Pete Cheslock

DevOps, RelEng, DevTools, Automation, Randomness

How to Extend Windows Boot Volumes in VMware

I am frequently asked the question about how to grow a VMware virtual disk (VMDK) and have it be recognized by the operating system.   If you are trying to simply extend a non-system volume within Windows (ie, anything other than the C:\ drive), then the process is pretty simple (refer to MS KB 325590).   But when you are trying to grow a C:\ with windows, you need to get around the limitation of extending the system partition.  This is just one more instance where VMware shows how powerful and flexible it truly is.

Disclaimer - Before doing anything like this, make sure you have adequate backups and understand that this is probably not supported by Microsoft or VMware - I take no responsibility for any damage to your systems If you would like to grow a virtual disk the “safe” way (read: much, much slower), you can use VMware’s Converter tool, which will grow the volume for you on conversion, the downside is that it will require the VM to be shutdown during the conversion.   The steps below can significantly speed up the process, especially if you have a very large VMDK which needs to be extended.

To grow a system volume, you are going to need a 2nd virtual machine that will act as the helper VM to mount the virtual disk you would like to extend.  I will be using 2 virtual machines, both are Windows 2003 standard.

The disk on the VM that I need to extend is currently 20GB, I would like to make this 80GB.  I have already made sure that I have enough space on my VMFS formatted storage partition to support this larger VMDK.

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Next, I need to shutdown the VM to extend the disk.  There are 2 different ways to extend a VMDK.  The easiest way to grow the VMDK disk is to right- click the virtual machine in the VI Client, and select “Edit Settings”

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Then Click on the virtual disk object, and enter in the new size of the VMDK (in my case I would like to extend this to 80GB), then click OK.

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Power on the VM to make sure the OS can see the additional space; right-click “My Computer” >> “Manage” >> “Disk Management”.  It will not be able to use the space until we tell the OS to extend the partition to fill the remaining space.  You should see something similar to the image below.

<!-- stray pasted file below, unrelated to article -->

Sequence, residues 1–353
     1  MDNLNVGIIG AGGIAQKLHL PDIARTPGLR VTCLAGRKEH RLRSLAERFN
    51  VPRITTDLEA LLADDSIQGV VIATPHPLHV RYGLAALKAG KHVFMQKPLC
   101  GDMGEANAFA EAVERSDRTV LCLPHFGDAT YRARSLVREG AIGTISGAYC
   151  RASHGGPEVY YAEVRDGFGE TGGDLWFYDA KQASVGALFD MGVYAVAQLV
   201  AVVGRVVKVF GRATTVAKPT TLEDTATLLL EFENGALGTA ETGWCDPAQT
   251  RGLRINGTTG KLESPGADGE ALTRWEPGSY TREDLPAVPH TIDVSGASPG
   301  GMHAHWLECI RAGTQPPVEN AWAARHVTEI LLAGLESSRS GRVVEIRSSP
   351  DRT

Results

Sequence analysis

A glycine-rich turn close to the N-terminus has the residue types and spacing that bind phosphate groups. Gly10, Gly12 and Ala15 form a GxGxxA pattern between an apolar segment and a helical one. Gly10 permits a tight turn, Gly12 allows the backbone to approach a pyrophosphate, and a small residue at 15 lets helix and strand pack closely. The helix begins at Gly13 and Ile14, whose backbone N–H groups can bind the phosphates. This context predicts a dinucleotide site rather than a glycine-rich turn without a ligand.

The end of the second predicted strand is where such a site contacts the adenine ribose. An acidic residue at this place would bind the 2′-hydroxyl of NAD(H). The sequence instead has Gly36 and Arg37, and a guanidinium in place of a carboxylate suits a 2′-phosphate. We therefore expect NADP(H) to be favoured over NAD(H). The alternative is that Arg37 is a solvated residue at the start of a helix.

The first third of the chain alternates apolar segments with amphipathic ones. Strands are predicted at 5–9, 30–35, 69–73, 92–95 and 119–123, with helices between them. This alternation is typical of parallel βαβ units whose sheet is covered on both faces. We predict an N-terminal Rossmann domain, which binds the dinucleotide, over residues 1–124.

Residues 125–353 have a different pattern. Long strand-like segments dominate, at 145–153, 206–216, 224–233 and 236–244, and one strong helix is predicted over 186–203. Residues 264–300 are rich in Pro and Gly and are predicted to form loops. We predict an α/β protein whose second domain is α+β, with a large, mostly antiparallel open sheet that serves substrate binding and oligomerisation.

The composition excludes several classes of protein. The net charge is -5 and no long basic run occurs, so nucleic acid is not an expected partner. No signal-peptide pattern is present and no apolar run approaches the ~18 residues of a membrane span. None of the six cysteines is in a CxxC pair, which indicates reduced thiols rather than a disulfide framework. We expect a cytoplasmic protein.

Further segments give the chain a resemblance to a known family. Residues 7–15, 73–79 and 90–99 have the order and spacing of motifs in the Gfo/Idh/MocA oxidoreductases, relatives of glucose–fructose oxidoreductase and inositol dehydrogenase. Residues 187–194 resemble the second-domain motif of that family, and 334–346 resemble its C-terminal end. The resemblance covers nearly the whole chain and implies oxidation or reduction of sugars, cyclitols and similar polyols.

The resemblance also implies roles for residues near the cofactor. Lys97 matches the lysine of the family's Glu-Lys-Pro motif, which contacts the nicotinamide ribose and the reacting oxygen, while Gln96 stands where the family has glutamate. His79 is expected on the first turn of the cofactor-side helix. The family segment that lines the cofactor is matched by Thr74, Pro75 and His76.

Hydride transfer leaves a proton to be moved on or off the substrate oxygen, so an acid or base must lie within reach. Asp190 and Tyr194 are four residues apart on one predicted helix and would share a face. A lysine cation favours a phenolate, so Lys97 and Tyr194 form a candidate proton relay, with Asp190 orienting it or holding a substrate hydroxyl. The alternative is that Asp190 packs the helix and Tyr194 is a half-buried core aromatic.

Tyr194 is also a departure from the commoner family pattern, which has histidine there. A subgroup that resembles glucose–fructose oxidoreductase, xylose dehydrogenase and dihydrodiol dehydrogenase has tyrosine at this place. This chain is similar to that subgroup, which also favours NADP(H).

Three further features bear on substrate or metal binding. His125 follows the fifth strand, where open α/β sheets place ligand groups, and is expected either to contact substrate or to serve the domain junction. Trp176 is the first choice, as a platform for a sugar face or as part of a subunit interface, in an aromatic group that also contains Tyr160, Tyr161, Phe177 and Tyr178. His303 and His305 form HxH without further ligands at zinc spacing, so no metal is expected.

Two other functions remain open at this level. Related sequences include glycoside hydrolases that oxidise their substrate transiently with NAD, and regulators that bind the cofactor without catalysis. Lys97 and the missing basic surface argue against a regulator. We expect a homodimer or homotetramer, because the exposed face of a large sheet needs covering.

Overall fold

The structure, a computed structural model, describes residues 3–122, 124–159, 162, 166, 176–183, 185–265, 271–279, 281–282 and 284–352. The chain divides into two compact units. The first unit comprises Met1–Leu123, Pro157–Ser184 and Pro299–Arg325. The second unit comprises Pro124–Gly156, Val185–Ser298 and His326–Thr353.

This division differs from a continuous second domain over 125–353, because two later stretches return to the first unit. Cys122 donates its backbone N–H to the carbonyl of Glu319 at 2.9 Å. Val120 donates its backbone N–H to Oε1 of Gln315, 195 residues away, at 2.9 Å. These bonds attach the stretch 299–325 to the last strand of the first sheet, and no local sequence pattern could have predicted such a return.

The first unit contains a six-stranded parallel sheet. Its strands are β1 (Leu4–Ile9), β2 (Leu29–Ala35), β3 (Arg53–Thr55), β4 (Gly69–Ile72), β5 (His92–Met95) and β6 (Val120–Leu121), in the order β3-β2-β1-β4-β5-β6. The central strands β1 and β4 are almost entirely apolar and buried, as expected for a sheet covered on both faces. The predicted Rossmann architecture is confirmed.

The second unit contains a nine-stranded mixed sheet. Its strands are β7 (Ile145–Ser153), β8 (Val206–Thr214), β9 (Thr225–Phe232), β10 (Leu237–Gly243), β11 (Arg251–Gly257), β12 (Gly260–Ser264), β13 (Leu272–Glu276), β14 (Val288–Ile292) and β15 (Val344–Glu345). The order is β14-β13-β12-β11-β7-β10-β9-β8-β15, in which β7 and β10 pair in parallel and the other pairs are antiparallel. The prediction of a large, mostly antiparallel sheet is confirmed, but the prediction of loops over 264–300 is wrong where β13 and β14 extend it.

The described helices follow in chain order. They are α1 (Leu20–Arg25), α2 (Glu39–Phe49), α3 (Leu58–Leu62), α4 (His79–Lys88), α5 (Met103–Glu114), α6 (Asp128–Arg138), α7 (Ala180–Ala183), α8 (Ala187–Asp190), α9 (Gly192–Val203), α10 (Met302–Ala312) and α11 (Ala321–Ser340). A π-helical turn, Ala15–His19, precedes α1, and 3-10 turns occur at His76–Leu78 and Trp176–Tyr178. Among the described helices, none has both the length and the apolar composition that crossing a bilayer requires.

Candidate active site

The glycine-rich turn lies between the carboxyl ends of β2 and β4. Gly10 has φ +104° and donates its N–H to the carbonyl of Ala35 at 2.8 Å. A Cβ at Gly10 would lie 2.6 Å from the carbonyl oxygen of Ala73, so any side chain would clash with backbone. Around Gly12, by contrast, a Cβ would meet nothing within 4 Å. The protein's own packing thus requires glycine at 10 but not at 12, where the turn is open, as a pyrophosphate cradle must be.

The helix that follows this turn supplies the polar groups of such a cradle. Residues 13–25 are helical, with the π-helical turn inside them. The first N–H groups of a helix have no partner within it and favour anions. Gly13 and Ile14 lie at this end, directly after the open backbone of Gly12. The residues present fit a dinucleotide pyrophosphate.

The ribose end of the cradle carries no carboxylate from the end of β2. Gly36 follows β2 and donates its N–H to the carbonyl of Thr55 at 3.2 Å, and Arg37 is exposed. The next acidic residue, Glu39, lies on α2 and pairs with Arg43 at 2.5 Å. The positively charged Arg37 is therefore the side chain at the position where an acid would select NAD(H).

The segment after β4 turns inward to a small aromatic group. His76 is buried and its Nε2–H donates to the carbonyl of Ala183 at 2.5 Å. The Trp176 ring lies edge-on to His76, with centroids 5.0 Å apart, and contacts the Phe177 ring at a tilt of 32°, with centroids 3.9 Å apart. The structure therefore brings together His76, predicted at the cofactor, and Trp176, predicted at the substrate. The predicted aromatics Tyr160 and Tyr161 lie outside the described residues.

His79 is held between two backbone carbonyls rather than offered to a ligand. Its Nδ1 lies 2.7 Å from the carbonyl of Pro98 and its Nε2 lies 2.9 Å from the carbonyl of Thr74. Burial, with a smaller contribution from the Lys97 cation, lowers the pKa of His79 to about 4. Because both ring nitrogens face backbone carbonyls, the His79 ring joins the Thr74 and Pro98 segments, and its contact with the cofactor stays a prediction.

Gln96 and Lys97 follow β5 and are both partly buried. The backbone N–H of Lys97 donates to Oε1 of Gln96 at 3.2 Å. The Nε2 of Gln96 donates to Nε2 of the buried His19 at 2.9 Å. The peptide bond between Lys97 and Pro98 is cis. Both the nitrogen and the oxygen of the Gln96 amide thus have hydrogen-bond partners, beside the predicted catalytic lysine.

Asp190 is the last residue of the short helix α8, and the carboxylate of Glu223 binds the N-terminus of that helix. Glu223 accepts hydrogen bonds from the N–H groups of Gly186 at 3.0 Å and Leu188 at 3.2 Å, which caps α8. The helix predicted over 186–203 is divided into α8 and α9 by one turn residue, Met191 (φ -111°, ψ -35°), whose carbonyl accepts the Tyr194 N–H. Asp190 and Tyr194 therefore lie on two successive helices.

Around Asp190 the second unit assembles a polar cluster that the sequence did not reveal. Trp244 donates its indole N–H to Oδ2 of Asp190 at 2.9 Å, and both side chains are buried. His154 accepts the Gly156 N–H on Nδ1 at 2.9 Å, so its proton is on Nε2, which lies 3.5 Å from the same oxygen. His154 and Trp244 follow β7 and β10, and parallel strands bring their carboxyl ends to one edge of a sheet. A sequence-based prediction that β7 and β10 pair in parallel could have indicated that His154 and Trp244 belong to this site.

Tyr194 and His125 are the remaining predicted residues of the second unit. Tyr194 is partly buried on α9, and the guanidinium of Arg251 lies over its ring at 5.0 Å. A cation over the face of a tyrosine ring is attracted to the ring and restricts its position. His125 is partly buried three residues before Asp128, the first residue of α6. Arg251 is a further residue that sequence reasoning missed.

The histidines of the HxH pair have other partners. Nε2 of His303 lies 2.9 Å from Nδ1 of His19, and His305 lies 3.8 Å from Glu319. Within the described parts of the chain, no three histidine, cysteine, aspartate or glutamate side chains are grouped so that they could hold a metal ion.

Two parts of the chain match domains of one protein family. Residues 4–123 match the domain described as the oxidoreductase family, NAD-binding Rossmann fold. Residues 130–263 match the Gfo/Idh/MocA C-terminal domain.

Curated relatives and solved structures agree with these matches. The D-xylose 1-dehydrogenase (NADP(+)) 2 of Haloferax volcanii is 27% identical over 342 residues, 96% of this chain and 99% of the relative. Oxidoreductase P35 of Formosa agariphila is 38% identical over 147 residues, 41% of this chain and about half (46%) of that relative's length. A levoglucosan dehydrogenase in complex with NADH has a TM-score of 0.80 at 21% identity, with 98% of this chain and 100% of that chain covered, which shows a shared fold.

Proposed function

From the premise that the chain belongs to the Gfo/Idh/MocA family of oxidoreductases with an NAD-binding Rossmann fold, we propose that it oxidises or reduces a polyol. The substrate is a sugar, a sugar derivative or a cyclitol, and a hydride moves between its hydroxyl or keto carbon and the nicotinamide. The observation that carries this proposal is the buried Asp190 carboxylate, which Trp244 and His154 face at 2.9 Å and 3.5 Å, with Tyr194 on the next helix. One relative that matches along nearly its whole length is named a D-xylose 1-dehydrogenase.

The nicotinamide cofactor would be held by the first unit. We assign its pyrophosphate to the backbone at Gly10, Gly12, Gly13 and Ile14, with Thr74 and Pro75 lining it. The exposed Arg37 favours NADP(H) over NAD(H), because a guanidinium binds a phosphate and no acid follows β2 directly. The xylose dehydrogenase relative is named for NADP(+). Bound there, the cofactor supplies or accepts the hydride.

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Now, shut the VM down again, and also shutdown the helper VMh, the virtual machine that you are going to use to mount and extend the disk.   Once both virtual machines are shutdown, we are going to remove the virtual disk we are growing from our VM, and attach it to our helper VM.  To do this, right click the VM we are growing and select “Edit Settings”, click the virtual disk resource, and click “Remove”.

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Click the option to “Remove from Virtual Machine”, do NOT click the other option, this WILL delete your virtual disk.

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Now right click our helper VM, select “Edit Settings”, then select “Add” toward the bottom of the screen.

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Select “Hard Disk”, next, and select the option to use an existing virtual disk.

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Next, you will need to browse for the VMDK file that we are extending.  Since we have already grown the virtual disk to 80GB you will notice that in the size column for this VMDK.

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After selecting the full path to your virtual disk, click thru the last couple pages, and you will see the virtual disk added to the VM’s hardware list. After clicking OK, power-on the virtual machine, logon, and you will see the other VM’s disk connected at D:\ (or the next available drive letter).

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Now, we can finally run diskpart to extend our volume.  Click “Start” >> “Run” >> type “cmd” >> type “diskpart”. You should see the diskpart command prompt.

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Type “list volume” to display a list of all the attached volumes:

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DISKPART> list volume
Volume      Ltr  Label        Fs     Type        Size     Status     Info
----------  ---  -----------  -----  ----------  -------  ---------  --------
Volume 0     C                NTFS   Partition     20 GB  Healthy    System
Volume 1     D                       CD-ROM          0 B  Healthy
Volume 2     E                NTFS   Partition     20 GB  Healthy

We want to select the system volume 2, the boot volume is the disk for our helper VM.

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DISKPART> select volume 2

Volume 2 is the selected volume.

Then we extend:

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DISKPART> extend

DiskPart successfully extended the volume.

If you launch disk management, you will see the volume is now a single 80GB partition.

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Finally, we shutdown our helper machine, detach the disk, and reattach it to our original VM.  When you power on the original with our extended disk, you will immediately see the additional space.  You may be prompted to reboot one time, so that the operating system will be able to work with the larger re- added disk.

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Enjoy your additional space!

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